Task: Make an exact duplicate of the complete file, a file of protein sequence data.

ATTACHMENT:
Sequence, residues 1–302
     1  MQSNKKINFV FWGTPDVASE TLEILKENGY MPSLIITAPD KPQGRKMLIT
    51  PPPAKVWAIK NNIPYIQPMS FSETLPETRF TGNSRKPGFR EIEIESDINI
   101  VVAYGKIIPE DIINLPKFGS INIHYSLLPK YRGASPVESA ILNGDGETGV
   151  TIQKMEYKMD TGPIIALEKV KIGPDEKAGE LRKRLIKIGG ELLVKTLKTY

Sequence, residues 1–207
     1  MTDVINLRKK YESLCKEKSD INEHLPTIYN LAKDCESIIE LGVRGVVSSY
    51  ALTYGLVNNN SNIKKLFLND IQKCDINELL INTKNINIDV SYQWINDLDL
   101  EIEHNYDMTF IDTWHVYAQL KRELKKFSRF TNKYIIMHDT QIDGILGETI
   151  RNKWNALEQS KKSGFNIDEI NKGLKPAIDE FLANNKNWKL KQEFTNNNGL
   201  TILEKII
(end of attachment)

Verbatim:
Sequence, residues 1–302
     1  MQSNKKINFV FWGTPDVASE TLEILKENGY MPSLIITAPD KPQGRKMLIT
    51  PPPAKVWAIK NNIPYIQPMS FSETLPETRF TGNSRKPGFR EIEIESDINI
   101  VVAYGKIIPE DIINLPKFGS INIHYSLLPK YRGASPVESA ILNGDGETGV
   151  TIQKMEYKMD TGPIIALEKV KIGPDEKAGE LRKRLIKIGG ELLVKTLKTY

Sequence, residues 1–207
     1  MTDVINLRKK YESLCKEKSD INEHLPTIYN LAKDCESIIE LGVRGVVSSY
    51  ALTYGLVNNN SNIKKLFLND IQKCDINELL INTKNINIDV SYQWINDLDL
   101  EIEHNYDMTF IDTWHVYAQL KRELKKFSRF TNKYIIMHDT QIDGILGETI
   151  RNKWNALEQS KKSGFNIDEI NKGLKPAIDE FLANNKNWKL KQEFTNNNGL
   201  TILEKII